Monthly Archives: April 2012

Blom Bank’s Alfa Blom MasterCard: Inspired*

By Admin I : If you thought for a minute that the “inspired*” series of posts ended a few weeks ago, you’re probably not very familiar with Lebanese advertising run by many copycatters that don’t even know how to hide their inspiration* sources!

We know this campaign has been covered on other blogs revealing the visual theft, and here we are revealing another, so if an art director got away the first time, I’m sure he wouldn’t survive this other proof. Anyhow, this post is not about copycatting, since you know, case closed, they drained every hope of being only inspired, they got to the point where we can call it theft, guilt-free.

The point behind this post is the “how” and “why” of this hypocrite advertising approach, lacking a clear definition. The layer of concept didn’t even make up for the stolen art, because there is simply no concept. The approach was taken literally “you can talk more, so they doubled the lips” Ha! What are they trying to communicate to their audience? Nothing (unless they’re trying to remind you of the annual eye check). I’m very honest here, if we try to forget the poor visual, this ad remains flat and still fails to deliver any message!!

See?! I was trying to be nice and fetch deeper, but my evil aura refused to credit any detail in the campaign, Well what could you expect from today’s agencies other than cliche commercial advertising vs. well done CSR campaigns simply because it remains an award magnet..  Multinationals gone bad, too bad!

1- Don’t drink and drive – Research credits: A member of our Facebook page

2- Alfa Blom MasterCard – Photocredits:


Exotica Collections, NO COMMENT.

By Admin I : Let me tell you, The minute I saw this campaign I decided not to review it for many different reasons, but then, and like every exotica ad, the visuals went virally, and Facebook timelines started witnessing an active debate between different points of view.

And I still don’t want to comment, avoiding being a hypocrite in a country where criticism is taken personally, where agencies don’t give a damn about receiving constructive feedback, and don’t even acknowledge doing a misstep. I won’t tone down to any agency, to any campaign, to any brand; therefore, I’m not commenting.

Another approach took place this time. We emailed 5 advertising/design experts and amateurs, and we will just feature their feedbacks in this post, trying to provide you with insights.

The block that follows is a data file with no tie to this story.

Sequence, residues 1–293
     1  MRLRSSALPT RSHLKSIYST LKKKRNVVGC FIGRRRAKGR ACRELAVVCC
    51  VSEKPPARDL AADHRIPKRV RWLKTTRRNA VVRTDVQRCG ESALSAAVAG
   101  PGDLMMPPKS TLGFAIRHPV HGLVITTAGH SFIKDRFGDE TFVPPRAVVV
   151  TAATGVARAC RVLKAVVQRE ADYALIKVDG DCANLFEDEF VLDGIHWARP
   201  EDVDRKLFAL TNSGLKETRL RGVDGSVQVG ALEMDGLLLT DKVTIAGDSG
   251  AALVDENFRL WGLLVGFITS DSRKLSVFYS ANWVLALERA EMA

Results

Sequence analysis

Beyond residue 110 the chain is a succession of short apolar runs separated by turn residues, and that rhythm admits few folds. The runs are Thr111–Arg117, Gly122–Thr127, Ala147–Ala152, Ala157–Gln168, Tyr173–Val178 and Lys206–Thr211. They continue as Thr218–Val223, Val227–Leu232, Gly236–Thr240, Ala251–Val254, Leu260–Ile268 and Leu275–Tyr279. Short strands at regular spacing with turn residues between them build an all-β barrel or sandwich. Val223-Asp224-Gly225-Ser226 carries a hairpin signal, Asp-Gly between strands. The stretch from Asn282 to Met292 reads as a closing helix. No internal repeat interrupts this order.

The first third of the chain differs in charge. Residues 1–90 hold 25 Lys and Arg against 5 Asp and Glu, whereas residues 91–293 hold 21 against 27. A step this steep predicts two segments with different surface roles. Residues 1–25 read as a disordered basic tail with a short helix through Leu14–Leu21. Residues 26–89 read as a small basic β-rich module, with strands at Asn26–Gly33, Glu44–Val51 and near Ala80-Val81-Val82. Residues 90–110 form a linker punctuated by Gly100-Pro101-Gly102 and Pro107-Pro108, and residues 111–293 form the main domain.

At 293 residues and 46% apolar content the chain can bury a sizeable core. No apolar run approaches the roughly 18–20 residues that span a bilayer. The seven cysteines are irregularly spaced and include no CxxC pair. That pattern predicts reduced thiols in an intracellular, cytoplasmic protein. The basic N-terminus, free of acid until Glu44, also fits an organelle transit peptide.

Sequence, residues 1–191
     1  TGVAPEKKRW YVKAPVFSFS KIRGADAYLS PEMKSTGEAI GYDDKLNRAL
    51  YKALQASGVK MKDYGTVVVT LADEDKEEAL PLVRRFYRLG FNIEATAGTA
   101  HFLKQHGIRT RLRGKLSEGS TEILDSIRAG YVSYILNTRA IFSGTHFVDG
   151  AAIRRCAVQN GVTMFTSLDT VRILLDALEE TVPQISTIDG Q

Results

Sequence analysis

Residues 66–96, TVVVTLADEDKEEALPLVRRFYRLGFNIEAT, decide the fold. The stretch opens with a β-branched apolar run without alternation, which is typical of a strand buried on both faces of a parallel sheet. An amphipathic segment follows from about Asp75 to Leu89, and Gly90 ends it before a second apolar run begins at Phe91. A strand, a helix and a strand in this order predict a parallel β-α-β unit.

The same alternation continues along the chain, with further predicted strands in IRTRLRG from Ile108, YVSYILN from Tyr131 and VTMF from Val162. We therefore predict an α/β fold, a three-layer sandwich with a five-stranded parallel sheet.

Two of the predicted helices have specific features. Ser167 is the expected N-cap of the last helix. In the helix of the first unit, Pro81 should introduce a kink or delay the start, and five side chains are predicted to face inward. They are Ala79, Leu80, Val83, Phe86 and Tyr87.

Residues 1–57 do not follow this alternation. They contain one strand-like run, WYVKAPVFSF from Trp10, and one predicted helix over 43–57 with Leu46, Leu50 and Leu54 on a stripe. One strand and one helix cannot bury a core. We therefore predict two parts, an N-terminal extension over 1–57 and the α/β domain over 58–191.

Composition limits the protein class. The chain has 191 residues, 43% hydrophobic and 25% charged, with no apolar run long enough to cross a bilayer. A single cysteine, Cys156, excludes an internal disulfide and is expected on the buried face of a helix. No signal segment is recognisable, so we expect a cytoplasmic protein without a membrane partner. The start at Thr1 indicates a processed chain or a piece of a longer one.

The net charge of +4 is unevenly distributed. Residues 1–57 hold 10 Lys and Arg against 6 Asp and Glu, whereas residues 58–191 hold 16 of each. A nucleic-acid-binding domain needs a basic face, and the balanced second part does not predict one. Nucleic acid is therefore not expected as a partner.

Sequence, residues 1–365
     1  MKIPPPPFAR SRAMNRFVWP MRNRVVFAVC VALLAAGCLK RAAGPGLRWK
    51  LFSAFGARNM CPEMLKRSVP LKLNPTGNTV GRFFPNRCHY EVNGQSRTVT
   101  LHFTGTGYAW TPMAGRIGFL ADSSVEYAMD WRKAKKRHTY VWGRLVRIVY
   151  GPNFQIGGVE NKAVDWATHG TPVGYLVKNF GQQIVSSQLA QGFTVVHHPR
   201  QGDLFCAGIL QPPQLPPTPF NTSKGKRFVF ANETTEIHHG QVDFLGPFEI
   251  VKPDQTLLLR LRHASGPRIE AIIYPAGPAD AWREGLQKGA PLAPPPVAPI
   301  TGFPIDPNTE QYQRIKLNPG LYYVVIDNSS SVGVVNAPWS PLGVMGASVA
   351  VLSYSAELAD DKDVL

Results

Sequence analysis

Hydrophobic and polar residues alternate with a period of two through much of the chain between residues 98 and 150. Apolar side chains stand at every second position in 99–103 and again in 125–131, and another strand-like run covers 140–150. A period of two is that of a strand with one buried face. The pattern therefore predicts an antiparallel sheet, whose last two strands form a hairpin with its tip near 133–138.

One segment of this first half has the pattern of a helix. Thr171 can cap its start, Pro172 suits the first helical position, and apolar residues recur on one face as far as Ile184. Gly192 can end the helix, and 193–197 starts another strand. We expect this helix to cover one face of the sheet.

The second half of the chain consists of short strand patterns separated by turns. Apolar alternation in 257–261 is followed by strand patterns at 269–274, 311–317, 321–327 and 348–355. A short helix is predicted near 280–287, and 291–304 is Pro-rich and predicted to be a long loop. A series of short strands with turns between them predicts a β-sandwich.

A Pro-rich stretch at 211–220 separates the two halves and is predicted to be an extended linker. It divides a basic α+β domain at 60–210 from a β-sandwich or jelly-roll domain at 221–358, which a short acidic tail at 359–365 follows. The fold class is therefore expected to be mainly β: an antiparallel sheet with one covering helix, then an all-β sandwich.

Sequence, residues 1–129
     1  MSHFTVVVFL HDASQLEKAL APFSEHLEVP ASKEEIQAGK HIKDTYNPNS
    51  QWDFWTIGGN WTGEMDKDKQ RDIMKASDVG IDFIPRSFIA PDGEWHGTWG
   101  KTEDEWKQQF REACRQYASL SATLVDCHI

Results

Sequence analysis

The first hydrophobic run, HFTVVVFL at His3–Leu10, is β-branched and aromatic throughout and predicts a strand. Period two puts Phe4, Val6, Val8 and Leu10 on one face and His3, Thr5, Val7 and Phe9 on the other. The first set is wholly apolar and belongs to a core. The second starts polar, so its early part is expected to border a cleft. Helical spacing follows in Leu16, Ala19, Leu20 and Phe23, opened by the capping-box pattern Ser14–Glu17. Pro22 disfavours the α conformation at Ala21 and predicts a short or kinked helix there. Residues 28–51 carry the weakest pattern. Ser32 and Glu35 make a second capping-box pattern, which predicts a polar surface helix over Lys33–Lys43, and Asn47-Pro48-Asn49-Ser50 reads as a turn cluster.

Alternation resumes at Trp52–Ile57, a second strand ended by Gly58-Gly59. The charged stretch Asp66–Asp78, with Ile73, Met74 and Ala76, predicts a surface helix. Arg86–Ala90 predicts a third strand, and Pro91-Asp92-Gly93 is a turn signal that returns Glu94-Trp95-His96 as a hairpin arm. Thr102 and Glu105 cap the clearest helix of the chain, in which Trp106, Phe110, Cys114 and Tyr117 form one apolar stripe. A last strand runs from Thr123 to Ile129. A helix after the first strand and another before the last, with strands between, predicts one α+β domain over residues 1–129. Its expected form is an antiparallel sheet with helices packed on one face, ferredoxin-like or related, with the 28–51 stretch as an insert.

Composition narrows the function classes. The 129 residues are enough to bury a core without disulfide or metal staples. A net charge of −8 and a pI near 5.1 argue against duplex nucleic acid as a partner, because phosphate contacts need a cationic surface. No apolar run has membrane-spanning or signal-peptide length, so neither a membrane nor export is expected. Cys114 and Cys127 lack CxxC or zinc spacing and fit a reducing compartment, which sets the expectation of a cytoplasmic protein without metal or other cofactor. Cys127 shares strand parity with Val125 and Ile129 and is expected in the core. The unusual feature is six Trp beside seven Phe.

Guest J :  I liked the outdoors visual although it lacks a concept. The one with a portrait format looks too photoshoped; her eyes are fluorescent green and her hair “Haifa black”, it makes her quite vulgar. In general the campaign lacks a concept, but the outdoors are convenient being a breath of fresh air in the visual clutter than surrounds billboards on our highways.

Guest R :  The campaign is simple and young but slightly boring.

Guest Z :  I don’t really grasp the concept of mixing couture and plants. The campaign seems like a rushed stock photo collage with hardly any clear direction; something I would have been asked to do in a Photoshop course back in school. (@zoozel on twitter)

Guest M : The campaign lacks a second degree layer, “what you see is what you get” and the fashion/flower analogy has been used before by Exotica in last year’s weddings campaign (wedding couture). The visual is poorly processed and using a female body looks tacky in one of the visuals. hinting a silhouette with the use of a plant could’ve been much more interesting.

Guest T :  (talking about outdoors visual) It has nothing disturbing for the eye at least, nothing shocking but at the contrary it kind of hits the message directly and the plant actually looks like a dress and specifically a “couture” one which fits the theme of ‘Exotica collections’ .. I loved the outdoors visual!

In the end, and if you’ve been to an advertising/design jury before, you know the ultimate painful comment: NO COMMENT.

Creative Legacy 1 reviewed

By Admin I: This week was indeed a very busy week for all design and advertising enthusiasts with an exciting event taking place in major Lebanese universities: Creative Legacy… Pass it on.

This 4 days event is simply a forum for creative advertising minds to meet with the field’s students in a casual interview hosted by the one and only Farid Chehab (co-founder, and currently Chairman of MENA and CCO of CEEMEA of  Leo Burnett) asking a series of questions that is smartly chosen to be basic and somehow “conventional” which reveals the true abilities of the interviewees and their “going out of the box” potentials.

To be honest, I only attended 3 interviews:

Areej Mahmoud(Creative Director, Leo Burnett) Mo Al Ghossein (Creative Director/Partner, Interesting Times)  Jimmy Francis (Creative Director/Partner, Interesting Times) and  Ramsey Naja (Chief Creative Officer, JWT).